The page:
Solicitors say ‘all contributing factors’ must be considered at an inquest into the deaths of a mother and daughter shot dead by a farmer who’d previously had his guns confiscated after being investigated by police.
Andy Petherbridge, Head of Civil Liberties at Hudgell Solicitors, has been instructed to represent Julia James, sister of 66-year-old Christine Lee, and aunt of Lucy Lee, 40, who were both shot dead by puppy farmer John Lowe in February 2014.
Lowe was jailed aged 82 for a minimum of 25 years, but died in a hospice last August, aged 86.
After the murders and subsequent criminal trial, it emerged that Lowe had been known to police and that police officers had confiscated seven licensed shotguns from his Keepers Cottage farm in May 2013.
Five of these guns were later returned to him, seven months before he shot the two women, using one of the returned weapons in the killings.
A subsequent investigation by the Independent Police Complaints Commission (now the Independent Office for Police Conduct), in 2017 found that two firearms licensing officers failed to assess the risk of returning Lowe’s guns.
One officer was dismissed following a gross misconduct inquiry and a firearms licensing supervisor retired before a hearing was held.
Inquest will consider obligations of state bodies to protect lives under Article 2
The inquest, which will be held in front of a jury at Surrey Coroner’s Court, will fall under Article 2 of the European Convention on Human Rights.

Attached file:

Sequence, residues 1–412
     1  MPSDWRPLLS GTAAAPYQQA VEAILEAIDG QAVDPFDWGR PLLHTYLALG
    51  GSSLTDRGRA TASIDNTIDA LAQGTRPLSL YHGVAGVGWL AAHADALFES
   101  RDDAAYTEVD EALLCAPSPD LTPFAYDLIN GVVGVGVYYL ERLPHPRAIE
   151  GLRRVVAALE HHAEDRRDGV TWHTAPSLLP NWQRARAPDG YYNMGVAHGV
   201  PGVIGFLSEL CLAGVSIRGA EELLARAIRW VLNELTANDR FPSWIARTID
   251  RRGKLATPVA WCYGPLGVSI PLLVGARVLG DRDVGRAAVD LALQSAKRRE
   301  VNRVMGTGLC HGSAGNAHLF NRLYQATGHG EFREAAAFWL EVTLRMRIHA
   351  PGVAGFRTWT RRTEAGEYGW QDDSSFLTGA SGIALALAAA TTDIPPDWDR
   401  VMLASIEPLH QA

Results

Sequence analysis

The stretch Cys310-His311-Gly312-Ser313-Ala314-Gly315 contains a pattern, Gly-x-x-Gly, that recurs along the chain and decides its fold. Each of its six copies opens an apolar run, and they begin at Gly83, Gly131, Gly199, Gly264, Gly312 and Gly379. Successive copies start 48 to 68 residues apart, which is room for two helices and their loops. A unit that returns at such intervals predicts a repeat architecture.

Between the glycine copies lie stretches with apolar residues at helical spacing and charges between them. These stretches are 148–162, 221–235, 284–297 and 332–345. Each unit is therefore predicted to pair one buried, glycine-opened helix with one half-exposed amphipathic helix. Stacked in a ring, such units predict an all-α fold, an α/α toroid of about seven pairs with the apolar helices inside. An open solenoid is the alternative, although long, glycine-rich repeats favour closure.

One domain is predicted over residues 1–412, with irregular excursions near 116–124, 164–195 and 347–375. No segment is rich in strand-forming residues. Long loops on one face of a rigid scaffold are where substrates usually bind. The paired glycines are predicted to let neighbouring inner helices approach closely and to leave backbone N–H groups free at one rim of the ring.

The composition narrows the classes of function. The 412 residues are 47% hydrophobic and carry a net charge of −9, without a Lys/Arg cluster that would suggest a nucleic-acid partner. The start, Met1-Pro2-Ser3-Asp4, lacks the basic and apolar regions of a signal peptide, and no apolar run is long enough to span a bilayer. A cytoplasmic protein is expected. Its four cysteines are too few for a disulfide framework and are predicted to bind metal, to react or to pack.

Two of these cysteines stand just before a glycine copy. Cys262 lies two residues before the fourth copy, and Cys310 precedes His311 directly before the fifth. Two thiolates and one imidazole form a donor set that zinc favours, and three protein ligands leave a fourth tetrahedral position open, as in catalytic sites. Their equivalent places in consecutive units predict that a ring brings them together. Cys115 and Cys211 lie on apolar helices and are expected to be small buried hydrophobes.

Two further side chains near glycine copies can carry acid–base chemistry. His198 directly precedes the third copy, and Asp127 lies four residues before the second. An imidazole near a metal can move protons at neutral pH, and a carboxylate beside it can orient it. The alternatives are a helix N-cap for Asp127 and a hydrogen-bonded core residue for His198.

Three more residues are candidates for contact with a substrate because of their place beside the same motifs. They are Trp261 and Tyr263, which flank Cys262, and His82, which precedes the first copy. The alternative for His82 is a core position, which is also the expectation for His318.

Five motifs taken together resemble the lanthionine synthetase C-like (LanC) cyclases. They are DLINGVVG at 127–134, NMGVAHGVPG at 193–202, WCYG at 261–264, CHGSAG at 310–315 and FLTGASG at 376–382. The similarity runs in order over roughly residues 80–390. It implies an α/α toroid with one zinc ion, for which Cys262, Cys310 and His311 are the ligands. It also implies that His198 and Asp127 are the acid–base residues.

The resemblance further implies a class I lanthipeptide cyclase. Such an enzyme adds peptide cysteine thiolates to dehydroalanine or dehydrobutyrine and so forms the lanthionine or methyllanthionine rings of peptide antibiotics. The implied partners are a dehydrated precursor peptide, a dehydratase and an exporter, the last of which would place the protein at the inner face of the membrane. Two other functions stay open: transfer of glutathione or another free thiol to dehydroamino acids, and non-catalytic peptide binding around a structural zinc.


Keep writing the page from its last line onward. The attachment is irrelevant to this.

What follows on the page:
It means it will allow further examination than the norm and enable the jury and coroner to consider not only the circumstances surrounding Christine and Lucy’s deaths, but also the role state bodies might have played in failing to protect them.
“We very much welcome the fact that this is an Article 2 inquest. Article 2 of the European Convention on Human Rights protects the right to life and imposes obligations upon state bodies, such as the police, to take appropriate steps to safeguard lives,” said Mr Petherbridge in a statement issued on behalf of Ms James.
“We believe the extended scope of investigation must be used to find answers to many serious questions, not only around the day Christine and Lucy were killed, but also events prior.
“It is hoped that over the coming weeks all contributing factors are fully investigated to establish whether anything different could and should have been done to prevent what was the most tragic and heartbreaking loss of two people who were loved so much.”